Pink not blue.  
Scrambled not boiled.  
Serif not sans.   

But when we’re asked to order from a menu in which we have to live with whatever we’re served, that’s when the fear sets in. We realize there’s a world outside of college, the unknown, and we’re going to have to find our place in it soon. Like tomorrow. 

The problem with growing up is that you’re now expected to find practical applications for what may be seen as impractical vocations. I know I’m preaching to the choir when I say this, but Art school is hard, one of the main reasons being that there’s never just one right answer.   

Rather than solving problem sets or writing essays, we work on projects that often have connections to who we are as people. The creation of art is an exercise in willpower as we attempt to bring the vision in our head out into the world. The answers we seek are no longer about right and wrong, but rather what feels true to us.   

Arriving at Senior year, we now confront what art means to us on a personal level. Facing creative fears also means facing ourselves, and we find that we still have something to prove. As peers and professors begin to ponder what our future holds, we realize that some questions do require answers.   

What comes next?

Unlike the other questions whose answers can change at a moment’s notice, in our final year we come into close contact with something we as young people are wholly unused to: Endings.   

In a world of perpetual sequels, we have very little context for what comes after, “The End”. Now that we’re considered grown, people start asking us questions, and even worse, expect us to have the answers.   

We think, when did this happen? Somewhere between standing in line for first year orientation and trying on our caps and gowns, everything changed.  

We struggle to grasp onto something solid as the ground beneath us shifts, we think of grad schools we’ve toured, jobs we’ve applied for, and apartments we can barely afford. Desperately trying to find an answer that might stick, we find that for maybe the first time in our lives, we don’t know how to answer. 

 I remember going on a tour of Père Lachaise earlier this year, a famous cemetery in Paris where many celebrated expats, writers, and artists now rest. It was grey and rainy, and the tour was almost canceled, but I’m so glad we went as it’s one of my favorite memories.  

Towards the end, I was walking with the guide, Barbara Montefalcone, the Chair of Liberal Studies, and ended up sharing some of my fears about the future. I went on and on about how worried I was and how much I wanted to get things exactly right.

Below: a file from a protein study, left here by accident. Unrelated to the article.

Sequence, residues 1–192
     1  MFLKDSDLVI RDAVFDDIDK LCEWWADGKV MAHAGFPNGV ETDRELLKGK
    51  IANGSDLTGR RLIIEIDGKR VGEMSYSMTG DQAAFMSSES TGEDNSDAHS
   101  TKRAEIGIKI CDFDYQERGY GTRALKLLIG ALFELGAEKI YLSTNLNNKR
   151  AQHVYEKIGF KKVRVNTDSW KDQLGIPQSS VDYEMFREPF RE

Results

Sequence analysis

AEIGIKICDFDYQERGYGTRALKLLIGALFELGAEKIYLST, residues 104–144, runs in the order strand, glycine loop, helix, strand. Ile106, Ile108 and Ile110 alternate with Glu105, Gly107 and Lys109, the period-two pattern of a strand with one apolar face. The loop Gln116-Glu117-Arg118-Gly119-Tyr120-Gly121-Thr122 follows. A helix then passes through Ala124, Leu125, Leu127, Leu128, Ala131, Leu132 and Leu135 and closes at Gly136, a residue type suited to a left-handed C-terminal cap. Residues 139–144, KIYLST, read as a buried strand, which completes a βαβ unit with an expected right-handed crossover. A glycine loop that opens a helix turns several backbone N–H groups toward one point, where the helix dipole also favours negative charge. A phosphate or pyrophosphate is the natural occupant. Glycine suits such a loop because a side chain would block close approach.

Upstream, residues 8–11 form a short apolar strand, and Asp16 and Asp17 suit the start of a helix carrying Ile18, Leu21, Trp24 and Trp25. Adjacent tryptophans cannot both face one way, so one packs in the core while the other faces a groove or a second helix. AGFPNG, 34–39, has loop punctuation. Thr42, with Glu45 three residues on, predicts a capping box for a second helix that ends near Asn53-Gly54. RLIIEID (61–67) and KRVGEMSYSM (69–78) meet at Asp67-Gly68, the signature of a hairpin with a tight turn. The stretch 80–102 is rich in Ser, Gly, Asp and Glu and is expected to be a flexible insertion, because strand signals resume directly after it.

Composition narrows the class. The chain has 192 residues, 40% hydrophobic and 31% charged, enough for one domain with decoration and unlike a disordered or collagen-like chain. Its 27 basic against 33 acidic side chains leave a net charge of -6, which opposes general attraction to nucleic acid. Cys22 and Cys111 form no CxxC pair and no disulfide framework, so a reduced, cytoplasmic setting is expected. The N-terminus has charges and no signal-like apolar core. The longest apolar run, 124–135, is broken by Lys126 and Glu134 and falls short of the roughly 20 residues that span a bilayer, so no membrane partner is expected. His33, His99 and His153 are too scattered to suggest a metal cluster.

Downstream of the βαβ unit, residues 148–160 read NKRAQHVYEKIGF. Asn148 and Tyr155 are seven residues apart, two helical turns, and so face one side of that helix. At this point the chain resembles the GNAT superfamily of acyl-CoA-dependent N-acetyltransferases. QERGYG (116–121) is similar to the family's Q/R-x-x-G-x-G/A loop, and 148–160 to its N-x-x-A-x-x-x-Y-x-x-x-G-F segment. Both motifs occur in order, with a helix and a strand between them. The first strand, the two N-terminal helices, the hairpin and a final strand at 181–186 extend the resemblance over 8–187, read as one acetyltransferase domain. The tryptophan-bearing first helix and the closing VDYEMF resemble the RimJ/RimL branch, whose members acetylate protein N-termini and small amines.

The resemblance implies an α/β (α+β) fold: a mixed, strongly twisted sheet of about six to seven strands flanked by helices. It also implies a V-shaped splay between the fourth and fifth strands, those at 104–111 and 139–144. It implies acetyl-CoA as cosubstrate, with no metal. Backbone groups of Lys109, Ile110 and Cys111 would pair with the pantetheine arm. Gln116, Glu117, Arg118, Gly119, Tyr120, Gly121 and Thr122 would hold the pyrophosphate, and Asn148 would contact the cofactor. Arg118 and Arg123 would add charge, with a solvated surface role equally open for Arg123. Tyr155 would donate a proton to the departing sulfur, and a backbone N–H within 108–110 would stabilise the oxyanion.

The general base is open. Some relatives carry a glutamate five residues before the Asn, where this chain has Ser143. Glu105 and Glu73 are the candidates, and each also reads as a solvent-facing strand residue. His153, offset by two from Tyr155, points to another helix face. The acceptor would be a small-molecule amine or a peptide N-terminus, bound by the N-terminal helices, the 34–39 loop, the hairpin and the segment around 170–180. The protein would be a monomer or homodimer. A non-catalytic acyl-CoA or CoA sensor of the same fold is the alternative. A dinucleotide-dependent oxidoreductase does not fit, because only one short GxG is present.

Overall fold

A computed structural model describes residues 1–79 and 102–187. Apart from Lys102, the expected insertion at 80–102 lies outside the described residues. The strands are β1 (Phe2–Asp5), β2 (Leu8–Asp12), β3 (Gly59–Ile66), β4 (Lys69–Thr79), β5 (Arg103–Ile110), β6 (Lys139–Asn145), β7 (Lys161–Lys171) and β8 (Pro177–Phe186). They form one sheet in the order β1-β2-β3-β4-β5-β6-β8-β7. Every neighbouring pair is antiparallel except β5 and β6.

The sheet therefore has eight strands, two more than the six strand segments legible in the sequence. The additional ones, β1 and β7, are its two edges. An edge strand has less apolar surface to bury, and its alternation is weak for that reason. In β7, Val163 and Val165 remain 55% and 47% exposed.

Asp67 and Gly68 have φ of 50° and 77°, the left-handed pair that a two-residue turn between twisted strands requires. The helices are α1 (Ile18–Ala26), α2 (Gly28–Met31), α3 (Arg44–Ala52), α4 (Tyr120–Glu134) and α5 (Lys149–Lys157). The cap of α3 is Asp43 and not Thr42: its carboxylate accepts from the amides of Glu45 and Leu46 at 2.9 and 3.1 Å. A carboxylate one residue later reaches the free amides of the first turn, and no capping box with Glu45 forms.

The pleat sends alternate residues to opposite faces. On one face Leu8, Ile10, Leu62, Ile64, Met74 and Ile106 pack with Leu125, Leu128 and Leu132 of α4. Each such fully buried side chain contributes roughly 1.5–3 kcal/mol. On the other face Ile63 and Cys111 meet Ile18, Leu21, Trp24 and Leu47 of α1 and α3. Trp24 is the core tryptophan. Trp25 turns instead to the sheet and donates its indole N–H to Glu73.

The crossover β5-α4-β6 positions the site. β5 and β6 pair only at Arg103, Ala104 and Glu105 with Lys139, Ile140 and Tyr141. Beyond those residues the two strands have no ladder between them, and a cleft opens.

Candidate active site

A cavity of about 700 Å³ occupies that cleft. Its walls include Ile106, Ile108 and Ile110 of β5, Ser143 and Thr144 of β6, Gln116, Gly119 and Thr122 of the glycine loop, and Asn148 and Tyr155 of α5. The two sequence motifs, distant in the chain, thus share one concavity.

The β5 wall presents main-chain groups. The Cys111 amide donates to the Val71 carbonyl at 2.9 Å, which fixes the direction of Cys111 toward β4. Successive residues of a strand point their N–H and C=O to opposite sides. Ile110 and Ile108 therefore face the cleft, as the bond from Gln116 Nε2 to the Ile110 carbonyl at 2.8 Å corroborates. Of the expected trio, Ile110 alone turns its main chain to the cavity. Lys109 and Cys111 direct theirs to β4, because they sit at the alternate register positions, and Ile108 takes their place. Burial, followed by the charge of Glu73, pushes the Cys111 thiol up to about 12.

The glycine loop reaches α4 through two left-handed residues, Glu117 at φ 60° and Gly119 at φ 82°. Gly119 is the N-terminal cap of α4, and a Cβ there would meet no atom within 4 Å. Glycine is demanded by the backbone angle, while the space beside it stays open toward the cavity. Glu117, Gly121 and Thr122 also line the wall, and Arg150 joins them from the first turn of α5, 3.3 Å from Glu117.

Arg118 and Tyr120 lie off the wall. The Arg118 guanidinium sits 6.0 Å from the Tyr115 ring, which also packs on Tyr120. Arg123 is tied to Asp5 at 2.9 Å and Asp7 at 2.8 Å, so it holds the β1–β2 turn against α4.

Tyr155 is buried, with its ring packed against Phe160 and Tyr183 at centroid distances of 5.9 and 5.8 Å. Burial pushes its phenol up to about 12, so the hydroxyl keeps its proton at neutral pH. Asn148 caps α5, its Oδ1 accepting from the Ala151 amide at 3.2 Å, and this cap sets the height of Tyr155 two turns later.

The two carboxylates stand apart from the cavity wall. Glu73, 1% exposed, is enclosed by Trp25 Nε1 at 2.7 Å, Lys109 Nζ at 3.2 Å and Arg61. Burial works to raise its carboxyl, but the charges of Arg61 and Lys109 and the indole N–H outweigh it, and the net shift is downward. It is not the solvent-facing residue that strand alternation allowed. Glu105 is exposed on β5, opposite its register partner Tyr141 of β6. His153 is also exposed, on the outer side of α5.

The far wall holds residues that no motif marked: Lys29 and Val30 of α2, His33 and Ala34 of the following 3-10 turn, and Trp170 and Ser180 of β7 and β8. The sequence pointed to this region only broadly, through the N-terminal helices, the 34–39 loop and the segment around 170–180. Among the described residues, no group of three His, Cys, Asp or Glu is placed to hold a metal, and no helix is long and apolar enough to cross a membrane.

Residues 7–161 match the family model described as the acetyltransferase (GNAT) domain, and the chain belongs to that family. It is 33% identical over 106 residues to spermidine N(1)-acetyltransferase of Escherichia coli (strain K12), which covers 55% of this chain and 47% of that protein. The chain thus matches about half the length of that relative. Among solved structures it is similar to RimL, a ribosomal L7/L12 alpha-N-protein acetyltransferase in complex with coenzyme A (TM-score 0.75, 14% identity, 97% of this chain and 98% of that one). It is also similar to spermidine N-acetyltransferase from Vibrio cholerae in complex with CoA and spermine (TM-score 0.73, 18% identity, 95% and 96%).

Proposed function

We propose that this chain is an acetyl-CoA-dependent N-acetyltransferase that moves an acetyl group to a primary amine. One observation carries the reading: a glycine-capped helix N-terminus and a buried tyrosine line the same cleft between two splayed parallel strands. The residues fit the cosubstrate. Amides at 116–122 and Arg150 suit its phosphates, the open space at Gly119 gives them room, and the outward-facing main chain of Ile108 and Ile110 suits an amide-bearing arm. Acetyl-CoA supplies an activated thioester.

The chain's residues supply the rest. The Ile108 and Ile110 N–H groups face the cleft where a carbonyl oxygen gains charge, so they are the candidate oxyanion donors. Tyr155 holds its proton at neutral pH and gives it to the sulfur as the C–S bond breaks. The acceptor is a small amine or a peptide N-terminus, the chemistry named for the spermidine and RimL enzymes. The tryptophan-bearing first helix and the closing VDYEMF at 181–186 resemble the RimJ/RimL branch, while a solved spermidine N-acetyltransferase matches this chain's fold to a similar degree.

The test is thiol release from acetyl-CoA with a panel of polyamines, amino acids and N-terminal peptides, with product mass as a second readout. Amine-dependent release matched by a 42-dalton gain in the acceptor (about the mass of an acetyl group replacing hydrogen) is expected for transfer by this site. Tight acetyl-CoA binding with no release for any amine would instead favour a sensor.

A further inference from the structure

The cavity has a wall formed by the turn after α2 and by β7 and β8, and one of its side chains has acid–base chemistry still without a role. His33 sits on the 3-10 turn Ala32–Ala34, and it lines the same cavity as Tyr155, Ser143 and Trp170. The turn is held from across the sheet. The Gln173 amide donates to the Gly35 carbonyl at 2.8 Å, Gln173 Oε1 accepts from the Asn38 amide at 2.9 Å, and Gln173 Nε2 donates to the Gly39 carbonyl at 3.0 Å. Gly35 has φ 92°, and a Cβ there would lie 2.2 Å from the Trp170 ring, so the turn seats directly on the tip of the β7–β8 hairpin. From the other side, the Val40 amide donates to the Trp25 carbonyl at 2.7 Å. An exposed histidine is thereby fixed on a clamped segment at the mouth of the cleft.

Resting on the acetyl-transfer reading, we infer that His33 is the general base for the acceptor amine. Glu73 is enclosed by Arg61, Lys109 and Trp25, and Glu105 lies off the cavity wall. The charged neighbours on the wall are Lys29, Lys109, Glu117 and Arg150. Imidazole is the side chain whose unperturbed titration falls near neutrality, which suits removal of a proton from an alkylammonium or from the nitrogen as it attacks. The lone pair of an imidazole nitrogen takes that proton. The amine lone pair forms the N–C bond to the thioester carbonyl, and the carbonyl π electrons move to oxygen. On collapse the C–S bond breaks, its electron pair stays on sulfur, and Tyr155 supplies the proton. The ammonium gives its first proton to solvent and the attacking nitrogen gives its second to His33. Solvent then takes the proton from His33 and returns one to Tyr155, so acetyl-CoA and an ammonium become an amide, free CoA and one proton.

She looked at me, and I remember this very clearly, she said,  
Ariel, you know you’re allowed to change your mind, right?
For me, especially at the time, this was a revolutionary idea. 

In my haste to find an answer to what felt like an all consuming question, I’d forgotten a crucial distinction that sets life and school firmly apart. In life you don’t just get one answer to a question, you get many.   

I like having answers, but this year has taught me that I will never have them all. At its core, being a student isn’t about taking classes or getting A’s, it’s about engaging in the process of learning, no matter the subject.  

The challenges we’ve faced here are no less real than the ones we’ll encounter out there. If we can embrace this new phase as just the next chapter in a lifelong learning process and continue to ask questions, we might just have some fun along the way.  

I don’t think it counts as a graduation speech if I don’t include a quote, so I will close with this:  
“To live a creative life, we must choose curiosity rather than fear.”   

Graduation means closing the book on college, but not on our time as students. Get things wrong, then get them right, but don’t stop pursuing what inspires you most. More than anything else, it will lead you where you want to go.   

Much has been given to us these past four years. I feel so lucky to have learned from professors and peers alike, and I would be remiss if I did not thank just a few by name. To Lucrezia Russo, our fearless Communication Design Chair, Juliette Robbins, Thesis Advisor extraordinaire, and last but never least, Nora Link, my eternal partner in crime.  

 I’m immensely proud of all the hard work that has brought us here today, and I hope you will join me in celebrating just how far we’ve come.   

 Thank you and congratulations to the Class of 2023.”